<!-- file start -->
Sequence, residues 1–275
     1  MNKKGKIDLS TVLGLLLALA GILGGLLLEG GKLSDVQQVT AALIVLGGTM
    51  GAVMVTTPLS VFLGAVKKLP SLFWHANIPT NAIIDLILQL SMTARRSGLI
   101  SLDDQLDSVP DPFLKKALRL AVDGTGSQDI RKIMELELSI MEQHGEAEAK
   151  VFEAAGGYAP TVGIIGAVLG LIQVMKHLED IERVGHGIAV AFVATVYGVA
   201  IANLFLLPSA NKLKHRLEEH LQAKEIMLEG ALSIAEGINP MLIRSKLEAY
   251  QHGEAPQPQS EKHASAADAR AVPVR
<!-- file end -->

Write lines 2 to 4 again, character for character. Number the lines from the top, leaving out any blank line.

     1  MNKKGKIDLS TVLGLLLALA GILGGLLLEG GKLSDVQQVT AALIVLGGTM
    51  GAVMVTTPLS VFLGAVKKLP SLFWHANIPT NAIIDLILQL SMTARRSGLI
   101  SLDDQLDSVP DPFLKKALRL AVDGTGSQDI RKIMELELSI MEQHGEAEAK